COVID-19 vaccine boosters will be strongly recommended — but not yet required — for students across Tufts’ campuses, university officials told the Daily last week. Testing frequency and pandemic protocols are also currently expected to remain unchanged going into the Spring semester.
The guidance comes alongside a rise in cases across the country and the emergence of the omicron variant, which was first detected in South Africa on Nov. 18 and has since been reported in 30 states, including Massachusetts.
Amid omicron’s discovery, the Centers for Disease Control and Prevention hardened its guidance last month to recommend that all previously vaccinated Americans over the age of 18 receive a booster along with their original shots. University administrators cited the CDC’s updated recommendation, a rise in cases across the country and the omicron variant as reasons for eligible Tufts students to get their vaccine boosters.
“We are carefully evaluating CDC and state guidance and have not yet made a decision regarding booster requirements,” Michael Jordan, the university’s infection control health director, wrote in an email to the Daily. “However, getting a booster is probably the single most important thing that that any eligible individual can do to decrease their own risk and to protect their loved ones.”
Adults who received their second dose of Pfizer or Moderna’s vaccine over six months ago are currently eligible to receive either company’s booster. Those who received a Johnson & Johnson shot over two months agocan also schedule booster appointments.
The university does not currently expect its COVID-19 testing frequency or on-campus pandemic regulations to change going into the spring semester. The rules — which include indoor masking, testing twice weekly and abiding by quarantine procedures — are based on suggestions by public health officials, according to Jordan.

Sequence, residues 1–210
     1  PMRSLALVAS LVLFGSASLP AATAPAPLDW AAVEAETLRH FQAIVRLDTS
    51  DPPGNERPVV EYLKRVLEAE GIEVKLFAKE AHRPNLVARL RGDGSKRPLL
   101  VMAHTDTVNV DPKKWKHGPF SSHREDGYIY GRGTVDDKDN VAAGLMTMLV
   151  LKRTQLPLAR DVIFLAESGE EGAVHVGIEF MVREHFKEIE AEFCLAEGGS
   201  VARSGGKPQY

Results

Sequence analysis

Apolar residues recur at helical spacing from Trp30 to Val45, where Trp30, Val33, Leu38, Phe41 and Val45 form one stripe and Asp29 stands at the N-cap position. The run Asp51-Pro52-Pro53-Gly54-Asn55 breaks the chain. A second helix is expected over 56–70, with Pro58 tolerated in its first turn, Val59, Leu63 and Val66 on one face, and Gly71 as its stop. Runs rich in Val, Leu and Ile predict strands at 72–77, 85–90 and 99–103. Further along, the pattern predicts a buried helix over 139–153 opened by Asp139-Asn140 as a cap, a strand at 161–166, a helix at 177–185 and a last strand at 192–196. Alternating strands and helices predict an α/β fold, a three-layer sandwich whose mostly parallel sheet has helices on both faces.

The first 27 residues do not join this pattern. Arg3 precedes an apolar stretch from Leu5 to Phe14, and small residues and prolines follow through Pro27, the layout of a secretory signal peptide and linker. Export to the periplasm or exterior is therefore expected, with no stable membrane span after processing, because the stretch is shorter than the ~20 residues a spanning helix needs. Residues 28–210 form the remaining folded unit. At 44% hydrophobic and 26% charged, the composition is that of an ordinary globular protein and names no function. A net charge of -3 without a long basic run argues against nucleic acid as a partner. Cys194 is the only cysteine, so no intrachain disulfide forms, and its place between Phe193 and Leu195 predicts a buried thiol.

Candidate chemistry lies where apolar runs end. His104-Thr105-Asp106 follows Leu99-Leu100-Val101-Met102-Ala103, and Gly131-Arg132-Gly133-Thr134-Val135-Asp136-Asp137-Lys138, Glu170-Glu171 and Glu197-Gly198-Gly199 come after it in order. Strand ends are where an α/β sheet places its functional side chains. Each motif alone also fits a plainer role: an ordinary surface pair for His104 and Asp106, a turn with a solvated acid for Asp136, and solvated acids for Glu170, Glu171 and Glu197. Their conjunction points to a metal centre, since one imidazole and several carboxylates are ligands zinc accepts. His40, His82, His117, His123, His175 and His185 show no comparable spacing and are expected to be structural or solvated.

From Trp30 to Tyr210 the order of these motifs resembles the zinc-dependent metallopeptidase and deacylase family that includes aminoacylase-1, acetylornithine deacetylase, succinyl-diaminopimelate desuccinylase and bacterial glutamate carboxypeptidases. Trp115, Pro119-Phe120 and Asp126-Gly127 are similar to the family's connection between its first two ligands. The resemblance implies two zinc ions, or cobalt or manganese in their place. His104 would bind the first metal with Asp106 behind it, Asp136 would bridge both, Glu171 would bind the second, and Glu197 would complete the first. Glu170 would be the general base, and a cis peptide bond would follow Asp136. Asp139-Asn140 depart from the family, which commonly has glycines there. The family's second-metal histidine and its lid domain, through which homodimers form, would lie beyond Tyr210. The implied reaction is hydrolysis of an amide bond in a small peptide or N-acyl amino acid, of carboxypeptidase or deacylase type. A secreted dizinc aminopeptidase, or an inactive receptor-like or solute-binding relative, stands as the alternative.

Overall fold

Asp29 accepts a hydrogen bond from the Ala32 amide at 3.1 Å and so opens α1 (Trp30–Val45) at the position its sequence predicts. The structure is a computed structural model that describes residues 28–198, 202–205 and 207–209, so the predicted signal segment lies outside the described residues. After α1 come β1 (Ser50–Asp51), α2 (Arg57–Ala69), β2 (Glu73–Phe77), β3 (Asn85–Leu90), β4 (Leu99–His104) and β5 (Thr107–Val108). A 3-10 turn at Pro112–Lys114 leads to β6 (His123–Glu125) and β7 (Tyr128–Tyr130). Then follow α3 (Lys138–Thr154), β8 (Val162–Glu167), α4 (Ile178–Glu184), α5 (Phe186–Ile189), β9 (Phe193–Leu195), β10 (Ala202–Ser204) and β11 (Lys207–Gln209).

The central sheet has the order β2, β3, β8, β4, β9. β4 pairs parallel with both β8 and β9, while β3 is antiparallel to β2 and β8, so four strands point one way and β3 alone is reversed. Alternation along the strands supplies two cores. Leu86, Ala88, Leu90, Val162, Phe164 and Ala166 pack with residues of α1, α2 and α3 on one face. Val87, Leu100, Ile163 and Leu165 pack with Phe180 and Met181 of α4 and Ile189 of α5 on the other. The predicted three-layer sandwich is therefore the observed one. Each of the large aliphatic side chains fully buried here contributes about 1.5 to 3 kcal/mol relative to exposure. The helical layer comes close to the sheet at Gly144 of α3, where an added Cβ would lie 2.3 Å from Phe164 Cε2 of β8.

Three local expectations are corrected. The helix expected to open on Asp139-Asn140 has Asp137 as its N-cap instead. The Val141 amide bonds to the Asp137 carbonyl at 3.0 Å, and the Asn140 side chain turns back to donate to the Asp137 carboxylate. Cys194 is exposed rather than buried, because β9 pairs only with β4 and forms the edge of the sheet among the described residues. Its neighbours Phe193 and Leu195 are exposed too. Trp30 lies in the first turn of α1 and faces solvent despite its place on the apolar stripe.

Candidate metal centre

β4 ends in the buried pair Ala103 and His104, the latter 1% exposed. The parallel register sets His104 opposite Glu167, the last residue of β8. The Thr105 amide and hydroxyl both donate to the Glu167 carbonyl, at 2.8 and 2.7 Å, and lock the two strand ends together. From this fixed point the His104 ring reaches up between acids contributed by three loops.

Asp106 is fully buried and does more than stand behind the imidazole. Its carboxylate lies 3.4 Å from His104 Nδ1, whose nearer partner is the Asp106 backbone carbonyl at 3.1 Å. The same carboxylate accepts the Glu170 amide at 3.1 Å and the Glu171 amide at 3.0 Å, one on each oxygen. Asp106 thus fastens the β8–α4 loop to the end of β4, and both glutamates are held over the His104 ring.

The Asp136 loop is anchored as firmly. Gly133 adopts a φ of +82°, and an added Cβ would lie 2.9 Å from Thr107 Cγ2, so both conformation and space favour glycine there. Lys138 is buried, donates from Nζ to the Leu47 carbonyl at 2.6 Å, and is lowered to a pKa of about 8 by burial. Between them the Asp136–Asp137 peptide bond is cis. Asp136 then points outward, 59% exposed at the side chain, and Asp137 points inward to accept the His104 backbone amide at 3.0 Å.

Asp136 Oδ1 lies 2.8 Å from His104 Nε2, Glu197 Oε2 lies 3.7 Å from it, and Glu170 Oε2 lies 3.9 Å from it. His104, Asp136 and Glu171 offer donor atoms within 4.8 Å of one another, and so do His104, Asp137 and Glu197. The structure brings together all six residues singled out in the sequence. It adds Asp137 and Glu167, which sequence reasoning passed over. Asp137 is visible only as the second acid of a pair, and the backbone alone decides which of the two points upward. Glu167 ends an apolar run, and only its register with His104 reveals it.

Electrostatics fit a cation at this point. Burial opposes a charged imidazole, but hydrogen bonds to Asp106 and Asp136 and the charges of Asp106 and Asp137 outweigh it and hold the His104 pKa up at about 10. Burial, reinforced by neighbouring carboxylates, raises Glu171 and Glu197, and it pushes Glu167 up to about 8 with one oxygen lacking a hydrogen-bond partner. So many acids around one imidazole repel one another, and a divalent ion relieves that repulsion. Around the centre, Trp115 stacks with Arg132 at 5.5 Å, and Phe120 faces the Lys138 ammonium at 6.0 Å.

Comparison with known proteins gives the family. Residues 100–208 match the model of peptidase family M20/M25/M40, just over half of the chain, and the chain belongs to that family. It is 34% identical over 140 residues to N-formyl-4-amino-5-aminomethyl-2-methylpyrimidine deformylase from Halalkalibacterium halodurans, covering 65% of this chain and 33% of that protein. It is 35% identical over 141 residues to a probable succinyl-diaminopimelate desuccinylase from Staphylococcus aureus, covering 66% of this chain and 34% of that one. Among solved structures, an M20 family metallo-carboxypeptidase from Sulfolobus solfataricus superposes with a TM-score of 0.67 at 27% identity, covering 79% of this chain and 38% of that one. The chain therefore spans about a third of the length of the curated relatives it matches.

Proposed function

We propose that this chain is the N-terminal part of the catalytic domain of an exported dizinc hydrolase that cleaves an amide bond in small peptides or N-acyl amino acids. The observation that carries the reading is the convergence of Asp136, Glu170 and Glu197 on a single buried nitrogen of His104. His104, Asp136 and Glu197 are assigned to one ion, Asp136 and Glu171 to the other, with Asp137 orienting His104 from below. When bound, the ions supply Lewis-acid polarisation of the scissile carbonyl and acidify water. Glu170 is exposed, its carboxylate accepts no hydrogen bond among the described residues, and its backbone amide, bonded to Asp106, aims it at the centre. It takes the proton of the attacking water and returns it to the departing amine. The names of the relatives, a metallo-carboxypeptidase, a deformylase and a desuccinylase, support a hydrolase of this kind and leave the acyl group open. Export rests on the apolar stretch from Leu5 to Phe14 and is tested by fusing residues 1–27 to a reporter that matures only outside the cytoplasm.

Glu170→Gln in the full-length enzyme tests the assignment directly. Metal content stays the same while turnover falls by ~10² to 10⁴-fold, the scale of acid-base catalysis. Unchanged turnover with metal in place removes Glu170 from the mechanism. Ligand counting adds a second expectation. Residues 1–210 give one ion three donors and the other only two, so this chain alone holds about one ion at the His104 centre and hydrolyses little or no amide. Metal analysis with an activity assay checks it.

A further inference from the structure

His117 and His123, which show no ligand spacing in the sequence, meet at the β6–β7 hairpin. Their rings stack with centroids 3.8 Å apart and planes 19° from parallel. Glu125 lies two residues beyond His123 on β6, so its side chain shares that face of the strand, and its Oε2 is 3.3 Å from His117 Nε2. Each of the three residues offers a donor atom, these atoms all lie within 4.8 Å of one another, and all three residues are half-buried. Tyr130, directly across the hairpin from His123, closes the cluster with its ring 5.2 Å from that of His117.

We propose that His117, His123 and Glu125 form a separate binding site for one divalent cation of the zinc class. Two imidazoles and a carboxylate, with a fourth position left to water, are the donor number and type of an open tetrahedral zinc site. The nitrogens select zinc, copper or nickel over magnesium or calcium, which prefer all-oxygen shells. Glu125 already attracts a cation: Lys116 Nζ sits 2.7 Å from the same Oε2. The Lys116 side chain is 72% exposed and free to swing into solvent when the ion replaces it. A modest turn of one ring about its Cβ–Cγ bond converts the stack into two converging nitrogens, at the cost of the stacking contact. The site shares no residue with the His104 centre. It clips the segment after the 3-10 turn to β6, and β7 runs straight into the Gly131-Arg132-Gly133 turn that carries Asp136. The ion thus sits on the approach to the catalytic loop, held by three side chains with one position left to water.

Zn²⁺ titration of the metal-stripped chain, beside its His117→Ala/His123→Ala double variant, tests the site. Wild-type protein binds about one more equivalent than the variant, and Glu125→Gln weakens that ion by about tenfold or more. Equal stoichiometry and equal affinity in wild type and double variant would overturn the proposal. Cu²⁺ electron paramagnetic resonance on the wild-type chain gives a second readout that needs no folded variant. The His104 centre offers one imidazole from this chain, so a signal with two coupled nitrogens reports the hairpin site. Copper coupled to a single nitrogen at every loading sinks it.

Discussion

“At the moment, we anticipate no changes to the protocols or cadence of testing for the spring semester,” Jordan wrote. “However, we will continue to watch daily case numbers and trends and make data-driven decisions that prioritize the community’s health.”
Students were directed in a Dec. 8 email to schedule their shots either at local pharmacies or through a limited number of doses available at theuniversity’s on-campus clinics.
Tufts was one of several institutions to decide earlier this year that all students returning in person for the fall 2021 semester would be required to be fully vaccinated against COVID-19. By the school’s Student COVID-19 Vaccination Policy,administrators canrefine the definition of a “fully vaccinated” individual to include a booster shot requirement if deemed necessary.
Whether Tufts will decide to require the boosters for its students remains to be seen. Northeastern University, Boston College, the University of Massachusetts Amherst, and Emerson College have allrequired their students to get boosters for the spring 2022 semester.
Thomas Stopka, an epidemiologist at the Tufts University School of Medicine, said a Tufts booster requirement would be “worth considering.”
“[This is] particularly given the large number of universities, the high density of population in the Medford/Somerville and greater Boston area, and the fact that many thousands of students will be coming and going from our campuses,” he said.